You might want to try testing a filter to see what comes up. Even better test it against an old filter from before this happened. If it is in the water, the filteration system should show signs of something.

Anyone live in florida notice anything funny about the filter for their water system. This could be color or lack of color. Not sure what you would look for but any change might signify something.

[edit on 30-8-2010 by jlafleur02]



posted on Aug, 30 2010 @ 04:03 PM
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reply to post by jlafleur02
 


Interesting thought. My water system is older and uses chlorine. We don't drink it, but of course we shower in it and brush our teeth in it.

I don't understand chemistry enough to know what that really means...

Hey! I'll post it on FACEBOOK and see what happens!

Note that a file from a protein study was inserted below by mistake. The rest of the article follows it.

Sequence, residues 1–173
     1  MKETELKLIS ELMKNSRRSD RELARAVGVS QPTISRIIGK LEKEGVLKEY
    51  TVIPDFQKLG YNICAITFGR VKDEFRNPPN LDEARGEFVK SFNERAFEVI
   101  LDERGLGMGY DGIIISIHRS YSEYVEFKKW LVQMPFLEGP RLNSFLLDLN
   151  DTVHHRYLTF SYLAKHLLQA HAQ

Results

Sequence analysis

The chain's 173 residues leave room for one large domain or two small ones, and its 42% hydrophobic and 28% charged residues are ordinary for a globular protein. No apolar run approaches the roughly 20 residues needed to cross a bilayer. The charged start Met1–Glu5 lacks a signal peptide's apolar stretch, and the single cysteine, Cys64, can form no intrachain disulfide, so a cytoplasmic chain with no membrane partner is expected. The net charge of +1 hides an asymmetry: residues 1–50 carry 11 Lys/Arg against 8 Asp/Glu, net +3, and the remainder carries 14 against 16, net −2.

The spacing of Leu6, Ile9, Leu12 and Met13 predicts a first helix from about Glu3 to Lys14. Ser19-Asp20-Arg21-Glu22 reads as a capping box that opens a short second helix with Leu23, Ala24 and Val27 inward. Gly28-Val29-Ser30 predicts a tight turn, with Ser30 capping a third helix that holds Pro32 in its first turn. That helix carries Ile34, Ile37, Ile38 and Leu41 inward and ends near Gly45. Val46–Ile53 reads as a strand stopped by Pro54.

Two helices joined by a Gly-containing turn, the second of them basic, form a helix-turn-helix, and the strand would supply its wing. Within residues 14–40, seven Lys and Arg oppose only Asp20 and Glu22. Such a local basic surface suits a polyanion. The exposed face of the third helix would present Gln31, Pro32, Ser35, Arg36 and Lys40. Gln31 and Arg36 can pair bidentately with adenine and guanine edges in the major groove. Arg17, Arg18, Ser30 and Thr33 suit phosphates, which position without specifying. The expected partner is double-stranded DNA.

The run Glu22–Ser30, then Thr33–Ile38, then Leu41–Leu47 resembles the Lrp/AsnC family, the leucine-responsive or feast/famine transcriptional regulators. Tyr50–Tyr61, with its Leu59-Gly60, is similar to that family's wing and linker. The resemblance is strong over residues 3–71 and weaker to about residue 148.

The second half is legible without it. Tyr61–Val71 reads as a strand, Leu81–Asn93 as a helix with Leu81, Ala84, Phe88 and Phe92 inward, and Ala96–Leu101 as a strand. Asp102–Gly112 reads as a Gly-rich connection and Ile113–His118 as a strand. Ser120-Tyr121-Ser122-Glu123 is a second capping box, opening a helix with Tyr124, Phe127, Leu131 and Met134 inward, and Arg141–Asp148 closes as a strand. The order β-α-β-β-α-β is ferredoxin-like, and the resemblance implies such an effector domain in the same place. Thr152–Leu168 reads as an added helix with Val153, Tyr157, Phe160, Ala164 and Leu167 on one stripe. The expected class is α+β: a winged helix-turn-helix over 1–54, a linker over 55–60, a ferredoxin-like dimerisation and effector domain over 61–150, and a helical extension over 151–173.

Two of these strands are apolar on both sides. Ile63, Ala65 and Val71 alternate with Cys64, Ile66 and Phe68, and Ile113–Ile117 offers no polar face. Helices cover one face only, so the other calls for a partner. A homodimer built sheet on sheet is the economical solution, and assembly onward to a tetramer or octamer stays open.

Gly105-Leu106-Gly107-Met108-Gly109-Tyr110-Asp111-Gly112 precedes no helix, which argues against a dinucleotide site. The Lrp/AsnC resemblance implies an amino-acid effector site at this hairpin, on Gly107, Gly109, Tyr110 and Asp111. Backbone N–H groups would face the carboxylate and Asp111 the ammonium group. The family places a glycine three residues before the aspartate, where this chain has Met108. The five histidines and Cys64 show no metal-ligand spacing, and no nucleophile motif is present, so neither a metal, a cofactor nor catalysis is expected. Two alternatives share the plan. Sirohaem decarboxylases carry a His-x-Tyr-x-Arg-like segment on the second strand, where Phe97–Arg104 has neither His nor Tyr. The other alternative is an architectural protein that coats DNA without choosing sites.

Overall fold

posted on Aug, 30 2010 @ 04:08 PM
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Just a bit of realism here folks:

One swimming pool, well north of Tampa?
I am not a mouthpiece for TPTB but lets look at this realistically:
1 - Just one swimming pool?
2 - Any idea where the pool owner works?
3 - Can you get Corexit if you are in the industry?
4 - Is the pool owner a disgruntled oil company empoyee who wants to make a point?
Remember the USA is the land of "ambulance chasing lawyers".
Maybe the pool owner sees a quick million or two in his bank account.



posted on Aug, 30 2010 @ 04:08 PM
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Just a bit of realism here folks:

One swimming pool, well north of Tampa?
I am not a mouthpiece for TPTB but lets look at this realistically:
1 - Just one swimming pool?
2 - Any idea where the pool owner works?
3 - Can you get Corexit if you are in the industry?
4 - Is the pool owner a disgruntled oil company empoyee who wants to make a point?